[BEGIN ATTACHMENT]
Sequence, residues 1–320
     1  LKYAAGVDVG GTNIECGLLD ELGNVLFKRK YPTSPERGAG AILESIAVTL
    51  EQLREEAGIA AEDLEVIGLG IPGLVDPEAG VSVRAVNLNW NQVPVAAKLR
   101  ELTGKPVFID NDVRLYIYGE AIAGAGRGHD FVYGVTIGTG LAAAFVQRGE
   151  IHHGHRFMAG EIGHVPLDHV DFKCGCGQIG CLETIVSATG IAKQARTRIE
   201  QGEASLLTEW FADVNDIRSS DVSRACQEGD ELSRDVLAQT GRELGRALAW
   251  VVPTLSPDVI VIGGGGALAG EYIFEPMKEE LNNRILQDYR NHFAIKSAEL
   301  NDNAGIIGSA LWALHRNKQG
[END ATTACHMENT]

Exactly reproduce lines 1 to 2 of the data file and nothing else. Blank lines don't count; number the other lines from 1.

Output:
Sequence, residues 1–320
     1  LKYAAGVDVG GTNIECGLLD ELGNVLFKRK YPTSPERGAG AILESIAVTL